A maze of megalithic chambers and hallways made by man more than 4,000 years ago nestles into the snow- or moss-covered woods at America’s Stonehenge. Guests meander along a trail, marveling at one of the oldest constructions in the United States, complete with inscriptions, eating areas, and evidence of prehistoric art classes. Explorers delve into Stonehenge's history, learning about its use as an accurately aligned astronomical calendar, its role in the Underground Railroad, and the theories about who actually built it. Nearby, eight fuzz balls graze in the alpaca habitat, offering up skeins of yarn spun from their fluffy locks. Winter months coat the site's 105 sprawling acres with crunchy layers of snow, perfect for adventurous snowshoe outings or piggybacking on a snowman.
Anheuser-Busch's beermaster tour regales guests with an edifying excursion behind the scenes of the brewer's charming, picturesque facilities. View secretive master sudsmiths as they frolic in their natural brewhouse habitat, and savor the hearty bouquet of the hop room, which brims with the scents of the powerful flowers. The fermentation cellar and packaging facility reveal the early stages of a magical lifecycle, similar to watching a nest of panda eggs hatch.
The MASS MoCA ushers visitors through its doors for the museum's first-ever bluegrass festival, unleashing the toe-tapping rhythms of established musicians as well as rising talent. Saturday's shows commence at 6 p.m. with an acoustic set by Dave Mayfield of The David Mayfield Parade. His performance takes place during the museum's reception for its newest outdoor expansion, The Speed Way, which contains three new works of art, a 1.5-acre asphalt meadow, and Van Gogh's long-lost collection of elbow macaroni. Saturday evening's recitals end with the thigh-slapping pluck of The Infamous Stringdusters at 9:30 p.m. in the Hunter Center. Sunday kicks off the day's festivities at 11 a.m. with Aoife O'Donovan of Crooked Still before attendees retreat to the galleries to hear the ramshackle concoctions of the Ramblin Jug Stompers. Guests migrate back to Courtyard C at 5 p.m. for the festival's final performance by the established tunesmiths of the Yonder Mountain String Band. All festival passes include admission to the museum's galleries, allowing patrons to peruse the exhibits and determine which painting would look best on their home refrigerator.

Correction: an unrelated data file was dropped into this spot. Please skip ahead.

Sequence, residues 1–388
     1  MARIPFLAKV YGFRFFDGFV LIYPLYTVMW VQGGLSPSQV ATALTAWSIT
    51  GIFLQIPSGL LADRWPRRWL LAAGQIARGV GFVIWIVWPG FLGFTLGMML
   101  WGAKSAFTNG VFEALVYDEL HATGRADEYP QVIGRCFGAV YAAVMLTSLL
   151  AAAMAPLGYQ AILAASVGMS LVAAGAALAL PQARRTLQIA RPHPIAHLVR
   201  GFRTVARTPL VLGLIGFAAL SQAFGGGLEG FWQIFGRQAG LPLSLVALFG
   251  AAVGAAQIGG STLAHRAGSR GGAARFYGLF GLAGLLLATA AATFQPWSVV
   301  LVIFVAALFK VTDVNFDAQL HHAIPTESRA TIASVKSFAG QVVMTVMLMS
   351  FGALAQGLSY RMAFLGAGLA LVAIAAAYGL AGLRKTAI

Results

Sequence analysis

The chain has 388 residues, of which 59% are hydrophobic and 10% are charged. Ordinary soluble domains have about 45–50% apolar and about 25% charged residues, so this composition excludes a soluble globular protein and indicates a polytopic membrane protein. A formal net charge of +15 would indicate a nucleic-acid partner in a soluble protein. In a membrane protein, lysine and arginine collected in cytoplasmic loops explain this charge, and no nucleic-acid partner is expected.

Housed within the antiquated Amos Blanchard House and Barn Museum, the Andover Historical Society preserves artifacts and archival records from Andover’s storied 350-year history. Within the more-than-100-year-old building, visitors can experience what it was like to live as a middle-class family in the early 19th century or peruse the vast library archives. The society also hosts events within the community, including the seasonal Tree Time display and lectures on the town’s history.
Named Best Family Destination (Indoor) by Northshore magazine in 2010, Imajine That diverts the minds of children with a 12,000-square-foot interactive, educational playspace. Pint-size imaginations roam free in 12 Imajination stations, where miniature post offices, grocery stores, and mortgage brokers let little ones mirror their grown-up wranglers. Kids can leap and bound through the dragon bouncy house and giant Jurassic climbing structure, or color canvases at the arts and crafts station. Membership includes monthly passes for one child and two adults (a $20 value) or two children and two adults (a $30 value), which allow unlimited play throughout the month, and kids can be brought in by babysitters, family members, and other childproof adults.